Podcasts, which are becoming increasingly important as a journalistic medium, have generally been male-dominated. But the medium is getting more diverse, thanks in part to a new podcasting studio dedicated to giving women a voice.
Raina Penchansky, founder and CEO of Digital Brand Architects, (DBA), a digital talent management and social media marketing firm, spoke to me about her company’s latest endeavor, the recently launched Dear Media (DM). Located in West Hollywood, this new podcasting studio focuses on leading female voices and narratives that can now be heard on Apple iTunes and Spotify. .
They reach a “hIghly engaged listener,” through this medium Penchansky explained. “It’s a targeted millenial audience, and in a lot of ways,” which makes it “very much the right medium” for this demographic that has been “cord-cutting and consuming content differently” than the previous generation.
The business model for Dear Media follows the pattern set by DBA back in 2010. It helps individuals conceptualize, develop, and produce customized communication through new media. The difference is that it puts the emphasis on female hosts and voices, placing women and their stories at the forefront of conversation.
“We always stay true to the core of why we started,” .Penchansky said. Giving women access to a digital platform through which they could express themselves was a defining value for DBA.
“This economy didn’t exist a decade ago and we’re really proud that we’re creating opportunities for women.”
Believing that audio is the “next iteration” for the digital platform, DBA decided to “extend into the product and Dear Media.” While the marketing angle began with promotion for direct-to-consumer, now it “really runs the gamut of all types of brands.”
Podcasts are getting particular attention because there is a view that “audio is the new journalism.” While Penchansky says she doesn’t buy that 100 percent, she does find that there is an “intimacy to audio and podcasting” that promotes a feeling of being closer to the host than what one experiences on YouTube and Instagram.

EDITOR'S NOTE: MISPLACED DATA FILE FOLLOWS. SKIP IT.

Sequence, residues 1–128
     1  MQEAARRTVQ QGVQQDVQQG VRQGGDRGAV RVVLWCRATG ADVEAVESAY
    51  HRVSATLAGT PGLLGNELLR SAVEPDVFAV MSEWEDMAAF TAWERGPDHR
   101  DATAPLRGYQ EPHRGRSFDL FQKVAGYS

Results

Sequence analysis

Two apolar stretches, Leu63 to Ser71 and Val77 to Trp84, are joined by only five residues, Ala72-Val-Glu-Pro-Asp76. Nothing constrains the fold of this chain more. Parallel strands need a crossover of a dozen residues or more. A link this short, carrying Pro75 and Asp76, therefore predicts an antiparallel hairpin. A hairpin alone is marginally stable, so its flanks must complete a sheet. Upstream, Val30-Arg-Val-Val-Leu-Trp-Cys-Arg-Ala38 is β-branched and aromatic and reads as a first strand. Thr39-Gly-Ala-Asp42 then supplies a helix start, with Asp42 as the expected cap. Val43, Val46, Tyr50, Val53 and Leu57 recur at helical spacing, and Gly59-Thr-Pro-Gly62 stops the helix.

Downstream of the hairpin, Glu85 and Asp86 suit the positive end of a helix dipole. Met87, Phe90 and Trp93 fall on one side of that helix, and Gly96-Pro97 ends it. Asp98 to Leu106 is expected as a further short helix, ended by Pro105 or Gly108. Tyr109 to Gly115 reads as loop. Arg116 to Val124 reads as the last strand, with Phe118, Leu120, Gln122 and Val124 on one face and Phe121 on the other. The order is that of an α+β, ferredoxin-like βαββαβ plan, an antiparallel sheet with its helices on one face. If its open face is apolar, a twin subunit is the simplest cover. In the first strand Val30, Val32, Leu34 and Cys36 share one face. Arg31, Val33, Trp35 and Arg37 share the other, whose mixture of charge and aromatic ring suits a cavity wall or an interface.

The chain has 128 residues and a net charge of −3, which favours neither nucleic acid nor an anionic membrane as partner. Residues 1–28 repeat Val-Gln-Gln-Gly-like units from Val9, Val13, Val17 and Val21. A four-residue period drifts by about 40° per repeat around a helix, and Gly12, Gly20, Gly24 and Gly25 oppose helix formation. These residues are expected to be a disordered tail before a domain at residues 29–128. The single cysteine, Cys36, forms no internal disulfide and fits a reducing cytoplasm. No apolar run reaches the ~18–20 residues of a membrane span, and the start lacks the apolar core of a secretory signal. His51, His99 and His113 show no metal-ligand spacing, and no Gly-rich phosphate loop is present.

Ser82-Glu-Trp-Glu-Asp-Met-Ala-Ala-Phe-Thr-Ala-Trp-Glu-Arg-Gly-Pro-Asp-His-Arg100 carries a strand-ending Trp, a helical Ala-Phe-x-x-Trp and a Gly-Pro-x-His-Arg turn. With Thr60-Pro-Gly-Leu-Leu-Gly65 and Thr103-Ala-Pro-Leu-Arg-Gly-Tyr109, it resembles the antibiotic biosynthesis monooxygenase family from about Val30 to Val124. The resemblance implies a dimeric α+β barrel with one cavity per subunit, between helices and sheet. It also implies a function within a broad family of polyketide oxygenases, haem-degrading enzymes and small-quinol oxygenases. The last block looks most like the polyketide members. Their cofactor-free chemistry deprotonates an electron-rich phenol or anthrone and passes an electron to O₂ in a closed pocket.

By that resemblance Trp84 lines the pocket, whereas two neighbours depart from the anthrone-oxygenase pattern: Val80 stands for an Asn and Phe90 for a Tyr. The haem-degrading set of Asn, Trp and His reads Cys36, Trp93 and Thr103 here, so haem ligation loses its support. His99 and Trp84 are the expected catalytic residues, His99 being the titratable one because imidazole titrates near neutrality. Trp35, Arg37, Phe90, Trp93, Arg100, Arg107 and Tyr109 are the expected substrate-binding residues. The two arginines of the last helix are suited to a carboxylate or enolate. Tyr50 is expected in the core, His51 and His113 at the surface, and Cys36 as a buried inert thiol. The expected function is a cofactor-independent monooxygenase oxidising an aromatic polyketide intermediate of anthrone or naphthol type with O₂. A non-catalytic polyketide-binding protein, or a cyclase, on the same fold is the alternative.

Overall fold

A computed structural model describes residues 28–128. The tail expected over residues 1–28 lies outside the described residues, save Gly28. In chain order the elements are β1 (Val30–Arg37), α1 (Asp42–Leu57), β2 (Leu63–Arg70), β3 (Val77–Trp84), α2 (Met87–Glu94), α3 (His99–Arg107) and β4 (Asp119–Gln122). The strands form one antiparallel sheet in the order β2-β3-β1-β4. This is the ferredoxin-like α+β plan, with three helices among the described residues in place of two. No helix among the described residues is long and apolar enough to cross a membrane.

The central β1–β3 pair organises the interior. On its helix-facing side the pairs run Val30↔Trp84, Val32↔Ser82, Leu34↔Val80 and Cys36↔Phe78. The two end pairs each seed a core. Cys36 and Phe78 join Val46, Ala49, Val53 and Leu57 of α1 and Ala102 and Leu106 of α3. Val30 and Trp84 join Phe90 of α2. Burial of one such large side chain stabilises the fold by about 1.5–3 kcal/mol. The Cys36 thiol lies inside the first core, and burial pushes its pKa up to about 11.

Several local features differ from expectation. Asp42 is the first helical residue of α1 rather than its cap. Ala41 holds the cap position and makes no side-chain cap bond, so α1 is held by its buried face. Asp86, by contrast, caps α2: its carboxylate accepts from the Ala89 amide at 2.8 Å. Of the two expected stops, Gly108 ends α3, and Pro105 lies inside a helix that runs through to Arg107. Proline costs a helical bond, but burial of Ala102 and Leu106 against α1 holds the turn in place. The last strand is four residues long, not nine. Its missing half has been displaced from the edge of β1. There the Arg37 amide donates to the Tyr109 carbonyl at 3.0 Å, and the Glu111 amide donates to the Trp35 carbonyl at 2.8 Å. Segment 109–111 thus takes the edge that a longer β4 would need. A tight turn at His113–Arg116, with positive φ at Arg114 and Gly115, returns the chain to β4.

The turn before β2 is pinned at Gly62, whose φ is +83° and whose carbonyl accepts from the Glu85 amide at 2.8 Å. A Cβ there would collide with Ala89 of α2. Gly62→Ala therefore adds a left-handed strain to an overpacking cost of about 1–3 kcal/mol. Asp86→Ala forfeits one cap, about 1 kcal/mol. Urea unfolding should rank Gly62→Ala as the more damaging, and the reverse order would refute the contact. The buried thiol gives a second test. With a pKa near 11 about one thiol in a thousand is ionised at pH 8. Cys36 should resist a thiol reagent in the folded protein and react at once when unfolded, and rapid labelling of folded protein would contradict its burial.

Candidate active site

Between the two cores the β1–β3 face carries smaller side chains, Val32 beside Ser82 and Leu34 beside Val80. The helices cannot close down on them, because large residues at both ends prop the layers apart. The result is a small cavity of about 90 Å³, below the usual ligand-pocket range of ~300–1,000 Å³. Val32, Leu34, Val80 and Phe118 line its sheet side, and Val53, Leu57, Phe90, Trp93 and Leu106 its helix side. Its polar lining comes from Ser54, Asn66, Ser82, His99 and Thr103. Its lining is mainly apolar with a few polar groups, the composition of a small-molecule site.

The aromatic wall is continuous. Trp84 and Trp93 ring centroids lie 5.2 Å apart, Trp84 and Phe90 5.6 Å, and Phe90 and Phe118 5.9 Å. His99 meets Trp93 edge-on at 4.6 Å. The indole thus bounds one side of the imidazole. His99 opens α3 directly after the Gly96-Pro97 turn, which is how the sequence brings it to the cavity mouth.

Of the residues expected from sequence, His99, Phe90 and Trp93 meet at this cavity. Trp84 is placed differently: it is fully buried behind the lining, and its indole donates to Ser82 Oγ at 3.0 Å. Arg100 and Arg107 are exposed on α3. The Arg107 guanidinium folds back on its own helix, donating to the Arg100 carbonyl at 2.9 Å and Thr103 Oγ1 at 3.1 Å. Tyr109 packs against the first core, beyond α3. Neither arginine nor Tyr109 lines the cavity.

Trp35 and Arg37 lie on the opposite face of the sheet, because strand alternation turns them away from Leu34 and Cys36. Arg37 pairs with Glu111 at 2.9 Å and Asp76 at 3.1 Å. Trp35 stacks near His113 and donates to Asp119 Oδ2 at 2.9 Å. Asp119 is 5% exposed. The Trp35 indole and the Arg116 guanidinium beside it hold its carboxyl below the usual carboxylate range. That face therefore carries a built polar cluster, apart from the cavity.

She also says that it plays an important role in allowing a diversity of types to reach an audience. While some content does need a visual medium, there are people who have something to communicate without standing in front of a camera, and podcasts gives them the opportunity to connect with their audiences through the “intimacy of voice.”
The reason she considered it necessary to create a platform specifically for “nurturing the female voices” is because they had been underrepresented in the audio space. “There are lot of male voices, a lot of men talking about politics,” she said. “Joe Rogen owns two or three of the top 10 himself.”
Topics are a lot more open for Dear Media, which Penchansky says is “really about the genre of women, rather than topic specific.” It’s all about “female podcasters and female audiences.” Of course, some of them are associated with particular topics of interest. Some popular personalities featured are Jackie Schimmel under the title The Bitch Bible and Helen Johannesen’s Wine Face
All the podcasts are available for download, but aware of the impact live events have on audiences, they also offer some live tapings and live tours to provide that “experiential part that people crave.” For example, this past summer, they held live tapings at an outdoor shopping center in Los Angeles that drew hundreds of people.
Penchansky attributes the draw to to the audience’s personal connection with the voices, making them feel that they really know these women. While some may have considered female podcasts to be too niche to have mass appeal, Penchansky reports that it is “growing really, really quickly.“
Much of that growth is organic, generated by “grassroots efforts and word of mouth marketing.” There’s also an aspect of support from within the community of podcasters, as many get featured on other people’s podcasts and come to people’s attention that way.
It works well because “people really want to support their favorite voices,” she said.